Initial results suggest that differences in rootstock sensitivity to B and salinity are the result of differential uptkake and partitioning of B, Na and Cl within the plant.
Patrick H. Brown, Hening Hu and Warren G. Roberts
The phloem mobility of boron (B) in plants varies dramatically among species. Variations in phloem B mobility occur as a consequence of the presence of sugar alcohols (polyols) in some species but not in others, and these differences in phloem B mobility profoundly affect the expression of B toxicity symptoms. Twenty-four species including common ornamental species varying in sugar alcohol content, were selected to test their response to B toxicity. Species that do not produce sugar alcohols exhibited previously described B toxicity symptoms that include accumulation of high concentrations of B in, and burning of, the tip and margin of old leaves. In the sugar-alcohol-producing species these symptoms were absent, and B toxicity was expressed as meristematic dieback and an accumulation of B in apical tissues. These symptoms have not previously been associated with B toxicity in these species and hence may have been frequently misdiagnosed.
Slavko Perica, Nacer Bellaloui, Carl Greve, Hening Hu and Patrick H. Brown
Boron (B) remobilization, mannitol and glucose concentrations, and the effect of B application on changes in soluble carbohydrates were investigated in various organs of bearing `Manzanillo' olive trees (Olea europaea L. `Manzanillo'). Following foliar 10B application to leaves of various ages, there was significant 10B export out of the treated leaves, and significant 10B enrichment in nontreated adjacent organs, including inflorescences and fruit. Results demonstrated that B can be remobilized from leaves of various ages, and that foliar-applied B is phloem mobile in olive. Soluble carbohydrate analysis determined that mannitol and glucose are the predominant sugars in all organs analyzed and that the mannitol concentration in the leaves is adequate to account for all B transport. This is consistent with observations in other species, where the presence of mannitol is known to facilitate phloem B transport through formation of a mannitol-B complex. Previous reports have indicated that B application can alter carbohydrate metabolism. In the present study, foliar B application significantly suppressed glucose concentration in the leaf petioles of all ages and increased mannitol in petioles of the current-year-developed leaves.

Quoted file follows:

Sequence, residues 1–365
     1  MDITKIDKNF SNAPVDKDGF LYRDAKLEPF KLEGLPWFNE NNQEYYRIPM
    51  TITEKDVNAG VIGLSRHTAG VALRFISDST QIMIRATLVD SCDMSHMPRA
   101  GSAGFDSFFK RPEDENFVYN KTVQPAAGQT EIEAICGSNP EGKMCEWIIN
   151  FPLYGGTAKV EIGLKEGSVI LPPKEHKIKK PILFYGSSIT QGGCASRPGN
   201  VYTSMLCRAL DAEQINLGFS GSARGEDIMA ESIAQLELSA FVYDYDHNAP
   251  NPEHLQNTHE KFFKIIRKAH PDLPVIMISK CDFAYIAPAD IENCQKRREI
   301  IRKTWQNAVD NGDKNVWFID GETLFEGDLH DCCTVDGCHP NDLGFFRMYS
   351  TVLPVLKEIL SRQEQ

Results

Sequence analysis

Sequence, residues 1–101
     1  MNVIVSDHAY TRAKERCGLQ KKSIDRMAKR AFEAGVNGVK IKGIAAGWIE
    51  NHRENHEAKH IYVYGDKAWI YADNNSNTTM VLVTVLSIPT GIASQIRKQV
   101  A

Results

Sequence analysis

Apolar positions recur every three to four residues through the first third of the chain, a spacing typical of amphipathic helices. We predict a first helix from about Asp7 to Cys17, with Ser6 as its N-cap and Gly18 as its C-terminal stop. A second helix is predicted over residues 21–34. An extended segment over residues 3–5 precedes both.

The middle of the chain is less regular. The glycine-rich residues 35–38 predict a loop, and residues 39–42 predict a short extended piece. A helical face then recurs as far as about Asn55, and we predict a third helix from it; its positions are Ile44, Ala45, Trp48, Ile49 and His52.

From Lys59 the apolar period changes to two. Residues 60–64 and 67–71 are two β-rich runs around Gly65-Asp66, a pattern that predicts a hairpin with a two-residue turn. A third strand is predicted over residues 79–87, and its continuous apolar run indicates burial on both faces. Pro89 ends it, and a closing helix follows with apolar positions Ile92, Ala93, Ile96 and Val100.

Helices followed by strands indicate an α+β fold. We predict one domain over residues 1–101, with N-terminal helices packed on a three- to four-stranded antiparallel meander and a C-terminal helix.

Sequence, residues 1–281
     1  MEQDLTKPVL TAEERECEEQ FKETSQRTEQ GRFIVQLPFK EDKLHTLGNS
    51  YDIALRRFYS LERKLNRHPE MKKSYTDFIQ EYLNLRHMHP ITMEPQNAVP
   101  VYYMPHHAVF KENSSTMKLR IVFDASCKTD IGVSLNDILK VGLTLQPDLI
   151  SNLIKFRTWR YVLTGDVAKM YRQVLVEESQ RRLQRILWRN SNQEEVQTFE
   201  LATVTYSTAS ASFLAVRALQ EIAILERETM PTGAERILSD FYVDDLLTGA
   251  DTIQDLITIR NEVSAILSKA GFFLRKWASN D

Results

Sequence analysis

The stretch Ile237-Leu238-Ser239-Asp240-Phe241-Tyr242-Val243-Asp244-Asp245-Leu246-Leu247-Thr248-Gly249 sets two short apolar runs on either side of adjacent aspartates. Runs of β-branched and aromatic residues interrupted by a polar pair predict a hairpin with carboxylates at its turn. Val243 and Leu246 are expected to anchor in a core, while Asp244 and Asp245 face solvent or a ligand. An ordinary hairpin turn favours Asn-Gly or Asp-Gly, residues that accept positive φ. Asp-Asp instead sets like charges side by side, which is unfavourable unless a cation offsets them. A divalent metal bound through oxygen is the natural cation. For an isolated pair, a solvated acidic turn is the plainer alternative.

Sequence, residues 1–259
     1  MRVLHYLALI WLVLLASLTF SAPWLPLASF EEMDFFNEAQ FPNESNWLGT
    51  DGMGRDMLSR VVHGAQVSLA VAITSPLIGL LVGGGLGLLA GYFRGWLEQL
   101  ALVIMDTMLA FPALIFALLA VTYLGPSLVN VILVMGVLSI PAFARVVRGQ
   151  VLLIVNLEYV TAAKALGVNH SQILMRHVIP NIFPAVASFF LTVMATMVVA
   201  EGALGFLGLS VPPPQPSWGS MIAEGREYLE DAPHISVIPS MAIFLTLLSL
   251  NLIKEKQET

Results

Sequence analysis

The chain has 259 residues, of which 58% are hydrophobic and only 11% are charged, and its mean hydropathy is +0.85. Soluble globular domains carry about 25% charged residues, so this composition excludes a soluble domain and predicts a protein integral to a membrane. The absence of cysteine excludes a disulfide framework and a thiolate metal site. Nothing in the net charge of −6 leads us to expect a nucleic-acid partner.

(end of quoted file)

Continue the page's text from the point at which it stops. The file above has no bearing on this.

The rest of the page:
Slavko Perica, Patrick H. Brown, Joseph H. Connell, Agnes M.S. Nyomora, Christos Dordas, Hening Hu and James Stangoulis
A 2-year field study was conducted to determine if foliar B applications prior to flowering increased fruit set in olive (Olea europaea L.) cv. Manzanillo. Boron solutions were applied (935 L·ha-1) at four concentrations (0, 246, 491, and 737 mg·L-1) to trees exhibiting no vegetative symptoms of B deficiency. Foliar B application increased both the percentage of perfect flowers and fruit set, but no effect on pollen germination was observed in either year. The increase in fruit set was not accompanied by a reduction in fruit size. The beneficial effects of foliar B application varied between years and were greater when fruit set was low. The results obtained here are in agreement with those observed in other tree species, in which foliar B applications made immediately prior to flowering or during the period of floral bud initiation significantly increased fruit set and yield. The physiological basis for this effect, however, remains unclear.